This week a reader asks:

If a clinician answers ‘no’ to the the question ‘Does the person under investigation have a condition that could impair his or her judgement, reliability or ability to properly safeguard classified national security information,’ does the investigator request mental health records? I am in the midst of approval for an internship position and would prefer not to disclose that I have sought treatment (anxiety, nothing serious) because I do not feel comfortable with them reading about my personal history. I would rather not lie but I would also rather not disclose something unnecessary. I feel pretty confident that a therapist would have no concerns about me but I was under the impression that I am signing off on all of my mental health records if I admit to the counseling. 

Answer:

When the mental health practitioner(s) answer(s) “no” to the first question, there is no further investigation of this issue, unless the investigation surfaces contradictory information from some other record or personal source. When there is a “yes” to the first question, the applicant is usually required to complete an INV Form 16A, Specific Medical Release, which is used to obtain more detailed information regarding medication, other treatment, test results, and medical opinions regarding health, recovery and/or rehabilitation. If necessary a security adjudicator will consult with a qualified government mental health practitioner, and if any doubt remains about an applicant’s reliability, the applicant can be required to undergo a medical evaluation by a psychiatric consultant.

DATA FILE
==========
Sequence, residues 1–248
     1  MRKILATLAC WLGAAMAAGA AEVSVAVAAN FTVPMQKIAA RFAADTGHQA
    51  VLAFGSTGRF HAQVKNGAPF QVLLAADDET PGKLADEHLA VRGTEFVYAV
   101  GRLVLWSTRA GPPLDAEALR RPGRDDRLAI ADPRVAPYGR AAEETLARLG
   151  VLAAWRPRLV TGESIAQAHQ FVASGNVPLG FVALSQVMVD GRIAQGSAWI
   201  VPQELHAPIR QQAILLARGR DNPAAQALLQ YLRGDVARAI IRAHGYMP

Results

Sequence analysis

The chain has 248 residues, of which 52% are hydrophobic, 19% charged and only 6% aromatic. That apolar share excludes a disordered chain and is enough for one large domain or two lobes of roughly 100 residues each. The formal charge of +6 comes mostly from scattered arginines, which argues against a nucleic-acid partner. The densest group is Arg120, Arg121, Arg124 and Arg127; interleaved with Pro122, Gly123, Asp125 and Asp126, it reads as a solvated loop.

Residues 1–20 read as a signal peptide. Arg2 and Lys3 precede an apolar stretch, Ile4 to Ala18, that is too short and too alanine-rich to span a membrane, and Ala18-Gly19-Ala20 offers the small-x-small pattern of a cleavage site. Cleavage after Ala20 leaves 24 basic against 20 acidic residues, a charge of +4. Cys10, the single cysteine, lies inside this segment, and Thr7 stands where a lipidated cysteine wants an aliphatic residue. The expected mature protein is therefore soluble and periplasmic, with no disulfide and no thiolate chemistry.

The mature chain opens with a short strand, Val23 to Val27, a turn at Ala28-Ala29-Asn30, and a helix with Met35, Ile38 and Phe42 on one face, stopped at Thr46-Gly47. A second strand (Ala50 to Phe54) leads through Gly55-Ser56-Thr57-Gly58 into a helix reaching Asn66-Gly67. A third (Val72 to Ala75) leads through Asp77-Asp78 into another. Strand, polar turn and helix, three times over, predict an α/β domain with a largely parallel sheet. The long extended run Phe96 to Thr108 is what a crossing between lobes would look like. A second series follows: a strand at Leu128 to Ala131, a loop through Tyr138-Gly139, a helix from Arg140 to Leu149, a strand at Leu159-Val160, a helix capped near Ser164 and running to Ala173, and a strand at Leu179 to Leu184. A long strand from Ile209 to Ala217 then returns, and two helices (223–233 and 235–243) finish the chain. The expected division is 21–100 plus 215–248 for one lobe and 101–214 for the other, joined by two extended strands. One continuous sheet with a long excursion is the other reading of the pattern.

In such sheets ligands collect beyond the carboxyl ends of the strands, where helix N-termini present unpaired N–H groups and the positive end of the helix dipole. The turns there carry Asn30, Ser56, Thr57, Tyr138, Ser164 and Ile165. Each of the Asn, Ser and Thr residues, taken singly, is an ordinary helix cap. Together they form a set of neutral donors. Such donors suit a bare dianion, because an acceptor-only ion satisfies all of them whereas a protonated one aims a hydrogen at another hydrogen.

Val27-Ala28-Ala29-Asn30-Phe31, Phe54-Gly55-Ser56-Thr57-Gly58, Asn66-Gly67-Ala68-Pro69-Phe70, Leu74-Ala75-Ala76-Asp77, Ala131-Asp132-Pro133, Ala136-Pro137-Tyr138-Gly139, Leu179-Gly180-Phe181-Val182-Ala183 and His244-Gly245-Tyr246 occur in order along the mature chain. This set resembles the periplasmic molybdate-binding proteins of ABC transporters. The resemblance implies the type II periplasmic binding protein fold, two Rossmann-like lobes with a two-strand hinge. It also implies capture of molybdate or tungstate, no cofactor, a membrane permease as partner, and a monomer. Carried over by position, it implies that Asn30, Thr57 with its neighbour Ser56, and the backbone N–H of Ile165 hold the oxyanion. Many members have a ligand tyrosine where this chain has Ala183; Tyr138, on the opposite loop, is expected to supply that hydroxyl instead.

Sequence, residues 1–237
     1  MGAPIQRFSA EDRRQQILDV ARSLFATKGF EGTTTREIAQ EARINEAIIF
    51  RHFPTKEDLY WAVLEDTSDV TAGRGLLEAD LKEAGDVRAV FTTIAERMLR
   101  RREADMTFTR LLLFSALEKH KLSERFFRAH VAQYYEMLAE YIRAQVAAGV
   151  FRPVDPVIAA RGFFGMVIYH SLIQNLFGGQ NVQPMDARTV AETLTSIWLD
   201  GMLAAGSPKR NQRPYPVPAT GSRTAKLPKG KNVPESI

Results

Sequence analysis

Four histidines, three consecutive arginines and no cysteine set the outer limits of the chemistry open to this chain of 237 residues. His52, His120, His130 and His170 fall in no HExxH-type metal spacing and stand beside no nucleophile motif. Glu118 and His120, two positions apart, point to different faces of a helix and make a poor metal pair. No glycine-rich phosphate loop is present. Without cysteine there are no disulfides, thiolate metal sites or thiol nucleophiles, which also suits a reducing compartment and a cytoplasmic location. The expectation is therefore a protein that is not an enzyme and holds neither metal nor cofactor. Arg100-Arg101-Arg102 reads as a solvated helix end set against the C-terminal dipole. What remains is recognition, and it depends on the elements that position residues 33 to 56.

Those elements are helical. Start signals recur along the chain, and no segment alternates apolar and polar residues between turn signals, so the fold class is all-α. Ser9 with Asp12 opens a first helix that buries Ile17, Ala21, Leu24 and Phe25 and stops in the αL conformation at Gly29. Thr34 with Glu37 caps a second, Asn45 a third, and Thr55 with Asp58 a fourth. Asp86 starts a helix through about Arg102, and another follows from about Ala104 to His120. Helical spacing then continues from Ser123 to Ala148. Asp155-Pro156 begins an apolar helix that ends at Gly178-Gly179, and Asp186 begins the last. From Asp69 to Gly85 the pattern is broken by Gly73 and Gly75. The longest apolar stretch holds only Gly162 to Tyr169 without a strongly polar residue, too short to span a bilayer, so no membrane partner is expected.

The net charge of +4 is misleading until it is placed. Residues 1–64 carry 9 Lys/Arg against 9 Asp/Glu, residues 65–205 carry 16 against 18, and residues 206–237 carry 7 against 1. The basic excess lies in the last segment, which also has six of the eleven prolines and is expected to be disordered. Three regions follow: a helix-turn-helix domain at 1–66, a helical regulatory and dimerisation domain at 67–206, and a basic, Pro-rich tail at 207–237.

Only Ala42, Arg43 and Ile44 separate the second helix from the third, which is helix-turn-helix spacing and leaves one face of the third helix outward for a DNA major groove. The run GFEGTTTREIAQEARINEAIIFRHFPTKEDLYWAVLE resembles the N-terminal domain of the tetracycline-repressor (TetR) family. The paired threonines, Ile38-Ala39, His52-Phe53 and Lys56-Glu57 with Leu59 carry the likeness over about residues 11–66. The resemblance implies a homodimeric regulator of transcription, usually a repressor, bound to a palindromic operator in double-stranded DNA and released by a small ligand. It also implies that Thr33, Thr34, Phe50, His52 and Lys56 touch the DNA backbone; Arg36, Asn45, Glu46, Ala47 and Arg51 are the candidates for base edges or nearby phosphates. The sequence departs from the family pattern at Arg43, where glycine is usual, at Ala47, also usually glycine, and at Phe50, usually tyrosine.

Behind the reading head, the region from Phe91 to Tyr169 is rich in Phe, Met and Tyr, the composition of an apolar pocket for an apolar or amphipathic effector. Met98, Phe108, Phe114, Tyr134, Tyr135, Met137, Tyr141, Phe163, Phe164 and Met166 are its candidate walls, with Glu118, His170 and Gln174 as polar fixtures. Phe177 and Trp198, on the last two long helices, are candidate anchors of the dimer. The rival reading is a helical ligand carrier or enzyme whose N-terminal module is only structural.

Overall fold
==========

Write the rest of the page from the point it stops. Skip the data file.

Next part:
Read more in Mental Health and Final Security Clearances.

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Lindy Kyzer is the editor of ClearanceJobs.com. She loves the NISPPAC, social media, and the U.S. military. Have a conference, tip, or story idea to share? Email lindy.kyzer@clearancejobs.com. Interested in writing for ClearanceJobs.com? Learn more here.